Italy's Volcanoes: The Cradle of Volcanology

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The 1985-1995 unrest at Vulcano

20 September 1989
20 September 1989

30 March 1990

30 March 1990

6 November 1990
6 November 1990

18 March 1992
18 March 1992

18 April 1995
18 April 1995

13 September1995
13 September 1995

Comparison photographs taken from the highest point on the SW rim of the Gran Cratere, showing variations of the fumarolic activity between September 1989 and September 1995. Note village of Vulcano Porto in the background.

Since the end of the 1888-1890 eruption, there have been two major episodes of increased fumarolic and seismic activity, one in the mid-1920's and another one starting in 1985 that seems to have delined in 1995. Montalto (1996) speculates that the recent increased activity could have been triggered by a magmatic intrusion to shallow depth. Much of the following is summarized from Montalto (1996); more recent (post 1991) data are from various sources.

The first notable event that affected Vulcano after the 1920s' increased fumarolic activity was a magnitude 5.5 earthquake on 15 April 1978 (causing about 8 deaths in northern Sicily). Its hypocentral area lay about 5 km south of Vulcano. Starting in 1985, there was an increase in the fumarole temperature from about 200 to about 300° C and in the overall gas output from the fumaroles at the Gran Cratere. This was accompanied by changes in the chemical composition of the fumarolic gases. New fractures and vents opened on the N rim of Gran Cratere, and notable ground deformation was observed (Montalto 1996).

Increased shallow seismic activity (a swarm of high-frequency events) began on 25 April 1985 and lasted until 5 June, then was followed by another one from 8 July until 25 August 1985. This was accompanied by an increased steam output from fumaroles at Gran Cratere and other hydrothermal phenomena. Both seismic swarms were accompanied by inflation.

Sulfur deposits
Sulfur deposits on the N rim of the Gran Cratere, September 1995. Much of this area has not been visible due to dense steam clouds in the past years; the diminished fumarolic activity of 1995 makes the fumarolic area more accessible.

From late 1986 to early 1987, fumarole temperatures at Gran Cratere. rose gradually from about 300 to >400° C, and new fumarole fissures and vents became active on the N crater rim and on the N flank of the Fossa cone. A part of the NE flank of Fossa cone collapsed on 20 April 1988, during a period of high regional seismic activity (lasting from March until June 1988). Early speculations that this landslide was triggered by a small phreatic explosion in that area proved incorrect.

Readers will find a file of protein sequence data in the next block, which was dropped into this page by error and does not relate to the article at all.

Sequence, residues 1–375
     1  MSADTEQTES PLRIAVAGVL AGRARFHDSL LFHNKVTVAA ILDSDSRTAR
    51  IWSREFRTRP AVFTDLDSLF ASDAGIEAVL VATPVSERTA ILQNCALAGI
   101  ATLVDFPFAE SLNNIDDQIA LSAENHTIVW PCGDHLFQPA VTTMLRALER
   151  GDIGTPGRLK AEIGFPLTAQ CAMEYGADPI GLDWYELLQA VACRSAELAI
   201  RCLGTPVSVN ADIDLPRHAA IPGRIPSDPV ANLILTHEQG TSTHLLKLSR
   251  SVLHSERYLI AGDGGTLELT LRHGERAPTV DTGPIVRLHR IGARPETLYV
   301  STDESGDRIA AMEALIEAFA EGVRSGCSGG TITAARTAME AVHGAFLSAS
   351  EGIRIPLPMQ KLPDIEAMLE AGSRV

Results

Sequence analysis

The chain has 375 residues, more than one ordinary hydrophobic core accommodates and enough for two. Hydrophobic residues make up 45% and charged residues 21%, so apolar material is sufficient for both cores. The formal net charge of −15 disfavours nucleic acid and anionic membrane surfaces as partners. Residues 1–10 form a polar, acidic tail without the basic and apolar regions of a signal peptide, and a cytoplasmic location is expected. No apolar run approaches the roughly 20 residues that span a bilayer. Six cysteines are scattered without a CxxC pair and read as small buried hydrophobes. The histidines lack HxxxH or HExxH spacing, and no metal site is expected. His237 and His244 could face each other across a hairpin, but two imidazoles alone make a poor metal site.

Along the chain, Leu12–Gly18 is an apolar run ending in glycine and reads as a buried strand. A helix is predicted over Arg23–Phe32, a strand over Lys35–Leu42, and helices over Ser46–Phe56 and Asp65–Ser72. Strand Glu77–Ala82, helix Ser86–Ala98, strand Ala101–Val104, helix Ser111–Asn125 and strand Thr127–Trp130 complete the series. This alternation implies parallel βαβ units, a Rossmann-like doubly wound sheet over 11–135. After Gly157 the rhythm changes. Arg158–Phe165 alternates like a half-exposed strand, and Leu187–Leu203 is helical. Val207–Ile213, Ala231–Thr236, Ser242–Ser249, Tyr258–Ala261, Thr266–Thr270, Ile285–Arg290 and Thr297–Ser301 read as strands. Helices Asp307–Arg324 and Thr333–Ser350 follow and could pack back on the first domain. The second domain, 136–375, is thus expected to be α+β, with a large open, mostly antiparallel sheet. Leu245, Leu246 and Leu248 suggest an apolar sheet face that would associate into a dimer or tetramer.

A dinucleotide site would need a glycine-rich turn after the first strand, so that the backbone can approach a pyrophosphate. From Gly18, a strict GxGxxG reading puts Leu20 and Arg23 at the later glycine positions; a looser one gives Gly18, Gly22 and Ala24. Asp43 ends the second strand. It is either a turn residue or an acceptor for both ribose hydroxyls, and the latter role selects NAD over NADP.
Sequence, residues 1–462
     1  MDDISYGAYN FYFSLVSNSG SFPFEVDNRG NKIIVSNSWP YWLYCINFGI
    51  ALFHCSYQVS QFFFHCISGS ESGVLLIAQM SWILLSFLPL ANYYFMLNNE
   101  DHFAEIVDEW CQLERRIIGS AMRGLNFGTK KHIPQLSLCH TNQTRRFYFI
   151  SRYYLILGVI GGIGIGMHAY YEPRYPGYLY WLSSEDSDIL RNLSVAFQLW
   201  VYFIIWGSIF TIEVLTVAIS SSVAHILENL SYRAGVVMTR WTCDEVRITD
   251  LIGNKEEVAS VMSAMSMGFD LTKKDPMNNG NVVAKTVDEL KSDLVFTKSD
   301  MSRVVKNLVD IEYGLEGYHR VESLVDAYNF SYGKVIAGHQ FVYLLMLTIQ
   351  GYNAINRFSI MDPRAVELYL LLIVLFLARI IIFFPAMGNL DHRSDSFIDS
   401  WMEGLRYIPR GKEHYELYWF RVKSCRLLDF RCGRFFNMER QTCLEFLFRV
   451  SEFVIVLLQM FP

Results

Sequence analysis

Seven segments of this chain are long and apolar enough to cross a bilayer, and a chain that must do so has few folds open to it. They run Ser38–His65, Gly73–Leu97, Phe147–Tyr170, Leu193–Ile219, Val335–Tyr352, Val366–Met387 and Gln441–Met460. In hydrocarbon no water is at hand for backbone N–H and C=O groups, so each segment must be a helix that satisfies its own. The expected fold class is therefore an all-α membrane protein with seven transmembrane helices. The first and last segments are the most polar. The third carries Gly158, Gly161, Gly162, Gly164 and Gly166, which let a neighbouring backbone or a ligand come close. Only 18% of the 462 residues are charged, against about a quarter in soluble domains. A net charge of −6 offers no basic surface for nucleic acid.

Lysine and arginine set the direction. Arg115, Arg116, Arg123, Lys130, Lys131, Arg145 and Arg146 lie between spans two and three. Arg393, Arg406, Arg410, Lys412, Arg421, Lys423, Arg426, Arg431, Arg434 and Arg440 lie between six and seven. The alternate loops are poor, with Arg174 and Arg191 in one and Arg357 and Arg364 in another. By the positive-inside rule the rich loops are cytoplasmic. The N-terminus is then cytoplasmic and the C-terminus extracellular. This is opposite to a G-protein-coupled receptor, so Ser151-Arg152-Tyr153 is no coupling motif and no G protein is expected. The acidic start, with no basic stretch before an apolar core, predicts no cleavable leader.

A new episode of increased local seismicity began on 9 August 1988, affecting mostly the S part of Vulcano island. This activity levelled off on 14 August but was immediately followed by shallow events immediately below the Gran Cratere, lasting until October 1988. Thereafter, a marked increase in the fluid output of the fumaroles was observed, together with an increase in the soil CO2 output.

The period December 1989-May 1990 was characterized by areal contraction which is interpreted by Montalto (1996) as a possible sign of cooling and crystallization of a shallow magma body emplaced sometime during the increased activity observed before. Another similar event took place before February 1991.

Seismic activity during 1992 was slightly more intense than during 1991, and most of the earthquake epicenters were located around the Gran Cratere. During 1993 there was a marked diminuition of seismic activity on and around the island, and this trend continued through late June 1994. A swarm of 65 earthquakes, the largest of which had a magnitude of 4.0, occurred between 3 and 25 July 1994, arousing some concern among residents and the local authorities. The epicenters lay off the SSW coast of the island. Another slight increase of the seismicity occurred in October-November 1994 (Barberi, Bertagnini and Landi, 1994).

Fumarole temperatures peaked in 1993 when almost 700° C were measured in a fumarole on the inner N wall of the Gran Cratere. After mid-1993, there was a slow diminuition of the measured maximum temperatures, and between 1995 and 1998 they ranged from 400 to 500° C (La Volpe et al., 1999).

Since 1994, also the visible activity has shown a progressive decrease (see the comparison images at right). On 18 April 1995 fumarolic activity at the N rim of Gran Cratere had notably diminished but become more vigorous in the deep central pit of the crater. A further notable decrease of the visible fumarolic activity on Gran Cratere's N rim was evident during a visit on 13 September 1995. There was continuing fumarolic activity in the upper Forgia Vecchia crater where strong hydrothermal alteration is continually undermining the steep and unstable slope immediately above the village of Vulcano Porto. Similar conditions were found during a visit to the crater on 22 September 1996. During a period of humid weather in late April 1997, large steam plumes were again visible over the Gran Cratere, but shortly thereafter, with less relative humidity, the emissions were again very minor.

Another visit to the crater on 26 October 1997 showed that there was no significant change in the visible fumarolic activity since September 1996. The most active fumaroles were on the northern inner slope of the Gran Cratere while the fumaroles on the northern rim were less active than during the period 1989-1995.

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Copyright © Boris Behncke, "Italy's Volcanoes: The Cradle of Volcanology"

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